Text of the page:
Here’s an important lesson about what really happens when a currency collapses. An interesting boots on the ground report from a country where the black market has been the real market for some time now…
By Jeff Thomas
For many years, I’ve described black markets not as the evil danger to economies that governments profess them to be, but as predictable and sensible reactions to the overregulation of official markets.
Black markets appear whenever an official market has become overregulated or otherwise unworkable due to governmental interference. They then thrive in direct proportion to the failure of official markets to function freely. They are, in fact, both a barometer and a checks-and-balances system for official markets.
Back in 2008, I commented on the growth of the black market in Zimbabwe, as that country slid from inflation to hyperinflation. At that time, the people resorted to the use of other currencies (most notably the US dollar) as black market currency. The government, desperate to force their people into the dying Zim dollar, made it illegal to use the US dollar, but this hardly made a dent in the use of what was clearly a more stable currency. The ban on the US dollar only succeeded in driving it underground. Commerce did not grind to a halt, and money did not cease to change hands. The only real change was that the Zimbabwean government was taken out of the monetary loop.
The significance here is that when a government corrupts its official market, a black market arises in equal measure to recreate a “free” market. Its very illegality assures that it remains free of regulations and functions effectively.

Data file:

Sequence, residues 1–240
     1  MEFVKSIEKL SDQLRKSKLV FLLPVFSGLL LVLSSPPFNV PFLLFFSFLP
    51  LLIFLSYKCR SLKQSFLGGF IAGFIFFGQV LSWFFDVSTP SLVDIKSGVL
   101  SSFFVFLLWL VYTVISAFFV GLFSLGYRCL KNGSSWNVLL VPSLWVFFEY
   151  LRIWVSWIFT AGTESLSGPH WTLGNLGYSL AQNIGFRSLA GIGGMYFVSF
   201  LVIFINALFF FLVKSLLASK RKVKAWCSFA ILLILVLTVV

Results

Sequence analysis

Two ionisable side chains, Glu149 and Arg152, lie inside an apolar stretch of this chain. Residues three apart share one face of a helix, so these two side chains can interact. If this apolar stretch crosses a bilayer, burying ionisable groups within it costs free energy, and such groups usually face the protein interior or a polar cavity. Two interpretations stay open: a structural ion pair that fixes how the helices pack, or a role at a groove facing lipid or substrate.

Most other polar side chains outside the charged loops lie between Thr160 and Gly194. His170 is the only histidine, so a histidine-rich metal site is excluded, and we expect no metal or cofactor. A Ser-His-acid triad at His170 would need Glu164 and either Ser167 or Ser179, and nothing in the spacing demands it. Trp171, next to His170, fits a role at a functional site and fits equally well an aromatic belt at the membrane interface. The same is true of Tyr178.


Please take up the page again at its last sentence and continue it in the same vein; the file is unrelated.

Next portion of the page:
In 2008, the Zim dollar crashed through hyperinflation. (At that time, the largest denomination for a bank note was $100 trillion, and even that soon became worthless in terms of purchasing power.)
The government then attempted a series of measures that were, predictably, big on government control but did little to correct the government-created economic problem.
Bond notes were put forward as a panacea to diminish the flight of wealth from Zimbabwe, yet the cash crisis continued unabated. Those awaiting cash transfers at a bank may wait a month to be cleared and, even then, the transfer may be refused.
Recently, The Standard, Zimbabwe’s leading Sunday newspaper, ran an article entitled, “Black market thrives, as banks run dry.”
Some highlights from that article:
HARARE’S Road Port has become the unofficial bank of last resort, never short of cash, no queues and a multicurrency platform. The money market at this busy bus terminus now plays the role that the formal banking sector has failed. It is effectively making a mockery of the Reserve Bank of Zimbabwe (RBZ).
This points to the nature of black markets. They thrive based upon fulfilling an existing need, not upon government control. They therefore replace whatever services the official market fails to provide.
“Top government officials, supermarket owners and service stations were behind the thriving black market, which is never short of cash.”
As I’ve commented in the past, the most essential commodities are food and fuel, in that order. Consequently, when an official market begins to fail, these commodities are always the first to generate a black market. In such cases, even the most law-abiding citizens will find a means of exchange to provide food for their families and to buy fuel to keep themselves mobile.